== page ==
8. Today the people are engaged in many thriving business enterprises, including a casino. They also boast a large and successful education system. Women are granted the same positions as men in the work force.
9. High-tech industry located on the Reservation includes Choctaw Geo-Imaging Enterprise and joint projects with the National Aeronautics and Space Administration. These are just a few examples of the successful business enterprises in which the Tribe is involved. The tribe continues to grow and flourish.
10. The religious practices of the Choctaw today are complex. Many still celebrate traditional occasions, which include the annual Choctaw Indian Fair that is held each July on the Choctaw Indian Reservation. Spring festivals are also held in each of the Choctaw communities. Thanksgiving brings the annual Choctaw Thanksgiving Feast. All of these events give Tribal members an opportunity to gather as a Choctaw community and celebrate the Tribe’s way of life, including all Choctaw traditions.
Exercise 1. Reading Comprehension (True/False/Not Applicable)
Directions: Read each of the following statements concerning the reading and decide if it is true, false, or not applicable (NA). Sometimes information may be true but not reported in the reading, in which case the question would not be applicable. If the statement is false, correct it. In each case, locate the appropriate part in the reading to confirm your answer.
The Choctaw Then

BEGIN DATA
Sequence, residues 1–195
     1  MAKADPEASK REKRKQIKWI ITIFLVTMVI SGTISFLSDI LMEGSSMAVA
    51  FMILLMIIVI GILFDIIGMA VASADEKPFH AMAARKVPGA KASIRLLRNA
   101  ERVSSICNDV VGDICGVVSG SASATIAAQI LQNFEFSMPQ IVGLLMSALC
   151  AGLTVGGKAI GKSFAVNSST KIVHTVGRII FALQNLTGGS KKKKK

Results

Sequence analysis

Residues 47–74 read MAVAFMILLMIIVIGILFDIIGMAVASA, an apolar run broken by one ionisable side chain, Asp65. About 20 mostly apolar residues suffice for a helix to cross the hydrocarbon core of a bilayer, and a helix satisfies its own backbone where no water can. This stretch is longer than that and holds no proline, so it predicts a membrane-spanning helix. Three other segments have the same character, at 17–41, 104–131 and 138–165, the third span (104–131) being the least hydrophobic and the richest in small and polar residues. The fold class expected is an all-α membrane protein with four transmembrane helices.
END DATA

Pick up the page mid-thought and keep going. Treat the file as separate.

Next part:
The Choctaw used horses for transportation.
European mode of dress was adapted by the Choctaw.
After their relocation the Choctaw continued making their traditional baskets.
They began creating bead work belts.
The men loved sports.
Before a battle men tattooed symbols of war on their arms and legs.
Women also painted their faces sometimes.
Important tribal decisions were made by the Shaman.
The women flattened an infants head to make room in his cradle.
The Green Corn Festival was the time for thankfulness and self-purification.
The Choctaw Today
Today, the Choctaw men still use bows and arrows to hunts.
Much of the clothing worn by the women today is sewn by hand.
Basket weaving and bead work are taught to children.
The Choctaw wear their regalia for special occasions only.
The Choctaw women are treated as equals to men in the workforce.
Some Choctaws are Christians.
Exercise 2. Questions for Reflection and Discussion
Provide possible reasons for the men painting and tattooing their faces and bodies before a battle.
What could have been the significance of having the heads of male infants flattened?
What made the Choctaw adapt European style of dress?
History of the Choctaw Code Talkers
Code talking began in the United States during World War I. The American Military used the complex American Indian languages as code, to keep the German forces from intercepting and decoding American military information.